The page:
|Altocumulus clouds. Photo by Steve Hilberg|
Most of us learned about the basic types of clouds some time in school. Clouds fall into general classifications as high, middle, low, or accessory clouds. You may be familiar with some of the specific names, such as cirrus, stratus, and cumulonimbus. What you may not be familiar with is how clouds got their names.
|Luke Howard (1772-1864)|
|Drawing of clouds from Luke Howard's sketchbook.|
Howard's contributions to meteorology weren't limited to clouds. He was the first to document the urban heat island, noting that temperatures in London were warmer at night than the surrounding countryside and cooler during the day. Howard published The Climate of London which documented continuous observations of temperature, rainfall, and air pressure. He presented seven lectures on meteorology and wrote other articles on the topic. Howard was named a Fellow of the Royal Society in 1821, the highest scientific honor at that time, for his work in meteorology.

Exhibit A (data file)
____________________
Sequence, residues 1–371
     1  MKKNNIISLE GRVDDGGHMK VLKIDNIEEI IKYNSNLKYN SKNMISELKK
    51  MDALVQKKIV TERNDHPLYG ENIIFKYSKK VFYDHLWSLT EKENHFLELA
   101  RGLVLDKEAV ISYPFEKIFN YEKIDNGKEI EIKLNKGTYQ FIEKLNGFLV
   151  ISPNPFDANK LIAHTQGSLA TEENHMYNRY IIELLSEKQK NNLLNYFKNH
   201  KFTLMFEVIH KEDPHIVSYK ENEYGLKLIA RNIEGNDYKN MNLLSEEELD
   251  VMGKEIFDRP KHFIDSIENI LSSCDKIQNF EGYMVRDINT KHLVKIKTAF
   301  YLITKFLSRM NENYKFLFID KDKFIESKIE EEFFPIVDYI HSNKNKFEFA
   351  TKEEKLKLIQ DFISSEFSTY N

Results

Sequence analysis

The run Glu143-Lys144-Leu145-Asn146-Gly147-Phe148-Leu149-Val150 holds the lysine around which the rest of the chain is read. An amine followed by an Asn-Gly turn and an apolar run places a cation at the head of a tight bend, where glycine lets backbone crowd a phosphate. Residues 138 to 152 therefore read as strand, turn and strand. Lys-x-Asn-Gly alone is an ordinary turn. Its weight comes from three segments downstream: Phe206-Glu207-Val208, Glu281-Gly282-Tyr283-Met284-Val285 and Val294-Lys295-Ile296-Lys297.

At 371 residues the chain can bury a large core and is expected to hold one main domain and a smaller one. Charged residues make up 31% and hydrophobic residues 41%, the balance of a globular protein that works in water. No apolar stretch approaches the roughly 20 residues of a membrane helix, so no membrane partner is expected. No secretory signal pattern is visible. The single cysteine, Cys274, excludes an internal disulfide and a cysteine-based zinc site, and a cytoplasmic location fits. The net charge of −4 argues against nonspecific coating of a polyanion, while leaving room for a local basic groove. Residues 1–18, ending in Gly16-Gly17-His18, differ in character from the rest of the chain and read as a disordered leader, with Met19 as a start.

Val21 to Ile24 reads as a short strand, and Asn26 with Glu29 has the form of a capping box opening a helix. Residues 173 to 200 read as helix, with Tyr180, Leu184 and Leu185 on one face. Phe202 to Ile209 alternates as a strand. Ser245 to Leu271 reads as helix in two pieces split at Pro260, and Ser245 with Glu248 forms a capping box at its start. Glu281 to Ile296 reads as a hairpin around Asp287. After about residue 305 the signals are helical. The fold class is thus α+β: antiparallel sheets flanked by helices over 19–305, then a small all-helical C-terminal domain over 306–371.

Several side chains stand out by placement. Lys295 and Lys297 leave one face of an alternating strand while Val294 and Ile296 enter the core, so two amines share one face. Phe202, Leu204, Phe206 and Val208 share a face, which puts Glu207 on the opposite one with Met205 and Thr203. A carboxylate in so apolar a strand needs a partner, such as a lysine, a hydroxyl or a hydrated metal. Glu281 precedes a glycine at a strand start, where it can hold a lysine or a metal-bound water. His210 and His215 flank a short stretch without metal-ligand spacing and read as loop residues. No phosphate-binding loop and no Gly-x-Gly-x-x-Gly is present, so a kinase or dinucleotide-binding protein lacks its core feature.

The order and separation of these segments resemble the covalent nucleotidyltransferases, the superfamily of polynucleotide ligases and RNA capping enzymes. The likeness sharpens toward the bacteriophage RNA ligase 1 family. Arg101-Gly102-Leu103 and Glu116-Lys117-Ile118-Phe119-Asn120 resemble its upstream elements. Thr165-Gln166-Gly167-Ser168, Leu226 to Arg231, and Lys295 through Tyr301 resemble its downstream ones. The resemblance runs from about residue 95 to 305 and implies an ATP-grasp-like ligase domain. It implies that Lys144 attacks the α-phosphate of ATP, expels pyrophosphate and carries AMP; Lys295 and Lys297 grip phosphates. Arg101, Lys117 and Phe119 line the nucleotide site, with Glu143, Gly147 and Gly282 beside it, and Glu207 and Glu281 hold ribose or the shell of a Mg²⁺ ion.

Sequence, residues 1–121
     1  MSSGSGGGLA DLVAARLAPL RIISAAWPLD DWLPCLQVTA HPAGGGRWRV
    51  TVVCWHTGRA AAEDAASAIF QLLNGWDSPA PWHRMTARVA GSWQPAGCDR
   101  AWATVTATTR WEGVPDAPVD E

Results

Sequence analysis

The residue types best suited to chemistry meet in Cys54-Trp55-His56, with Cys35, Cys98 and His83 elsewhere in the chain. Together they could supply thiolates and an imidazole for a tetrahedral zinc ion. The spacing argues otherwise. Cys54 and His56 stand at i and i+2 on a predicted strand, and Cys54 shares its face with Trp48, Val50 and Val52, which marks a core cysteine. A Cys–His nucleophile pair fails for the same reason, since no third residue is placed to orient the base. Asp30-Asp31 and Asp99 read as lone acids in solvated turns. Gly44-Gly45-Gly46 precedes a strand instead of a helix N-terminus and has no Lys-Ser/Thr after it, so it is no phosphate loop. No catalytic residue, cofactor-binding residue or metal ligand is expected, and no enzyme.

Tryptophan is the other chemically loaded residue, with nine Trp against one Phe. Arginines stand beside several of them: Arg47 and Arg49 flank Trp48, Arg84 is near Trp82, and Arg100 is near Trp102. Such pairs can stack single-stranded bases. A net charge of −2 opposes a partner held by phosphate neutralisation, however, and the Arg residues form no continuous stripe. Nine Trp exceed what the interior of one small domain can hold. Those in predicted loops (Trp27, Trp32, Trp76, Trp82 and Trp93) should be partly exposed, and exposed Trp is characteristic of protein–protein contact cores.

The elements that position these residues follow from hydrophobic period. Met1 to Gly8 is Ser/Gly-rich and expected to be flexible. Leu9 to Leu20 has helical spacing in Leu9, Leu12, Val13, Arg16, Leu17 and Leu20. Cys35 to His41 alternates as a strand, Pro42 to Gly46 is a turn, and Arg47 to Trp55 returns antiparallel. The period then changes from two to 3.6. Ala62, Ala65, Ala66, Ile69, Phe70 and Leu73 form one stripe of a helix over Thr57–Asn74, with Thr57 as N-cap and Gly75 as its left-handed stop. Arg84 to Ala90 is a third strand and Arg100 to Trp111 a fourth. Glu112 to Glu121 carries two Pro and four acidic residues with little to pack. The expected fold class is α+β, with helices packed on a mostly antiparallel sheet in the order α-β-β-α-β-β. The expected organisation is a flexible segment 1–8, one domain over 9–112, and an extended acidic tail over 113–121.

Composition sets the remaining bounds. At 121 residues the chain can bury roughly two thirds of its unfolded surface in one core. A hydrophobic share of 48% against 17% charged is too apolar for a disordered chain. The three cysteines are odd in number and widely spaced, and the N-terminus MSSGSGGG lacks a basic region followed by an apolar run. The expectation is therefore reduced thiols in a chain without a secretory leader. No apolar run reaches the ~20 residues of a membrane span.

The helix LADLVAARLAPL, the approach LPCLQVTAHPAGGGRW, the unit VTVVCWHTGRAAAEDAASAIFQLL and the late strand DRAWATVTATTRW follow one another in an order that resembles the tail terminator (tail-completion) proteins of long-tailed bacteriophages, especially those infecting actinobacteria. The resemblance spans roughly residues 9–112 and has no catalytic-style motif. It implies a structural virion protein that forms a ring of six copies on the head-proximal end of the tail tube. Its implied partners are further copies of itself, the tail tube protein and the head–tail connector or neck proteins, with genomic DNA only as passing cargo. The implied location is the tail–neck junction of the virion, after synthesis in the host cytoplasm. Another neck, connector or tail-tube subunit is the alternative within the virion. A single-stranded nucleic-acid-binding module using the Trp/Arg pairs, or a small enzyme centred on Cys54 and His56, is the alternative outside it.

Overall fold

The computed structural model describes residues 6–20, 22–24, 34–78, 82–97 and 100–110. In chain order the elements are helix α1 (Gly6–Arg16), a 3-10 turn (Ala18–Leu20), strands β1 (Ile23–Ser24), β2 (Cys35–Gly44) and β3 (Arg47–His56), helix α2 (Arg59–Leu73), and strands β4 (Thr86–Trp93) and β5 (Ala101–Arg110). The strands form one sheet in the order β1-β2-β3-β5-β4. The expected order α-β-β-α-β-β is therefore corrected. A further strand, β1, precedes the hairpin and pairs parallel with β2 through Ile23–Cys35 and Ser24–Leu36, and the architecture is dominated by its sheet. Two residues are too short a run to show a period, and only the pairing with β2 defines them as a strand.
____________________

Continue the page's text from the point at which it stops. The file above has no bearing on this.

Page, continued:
You can read more about Luke Howard in the following articles: Luke Howard --"The Godfather of Clouds", a web site created by Dr. John Day. The Royal Meteorological Society has a web page, "Luke Howard and Cloud Names".
Cloud enthusiasts have a number of outlets and resources available. The Cloud Appreciation Society promotes interest in and photography of clouds. The Society connects clouds lovers across the world, and is the web site for everything clouds.
On Facebook the Community Cloud Atlas is a page where participants can post cloud photos and get help identifying clouds.
Clouds-online.com is an online cloud atlas that goes into detail on describing the taxonomy of clouds, including photographs and the ability to upload cloud photos.
Keep your eyes on the sky - you never know what you might see!
|An approaching shelf cloud. Photo by Steve Hilberg|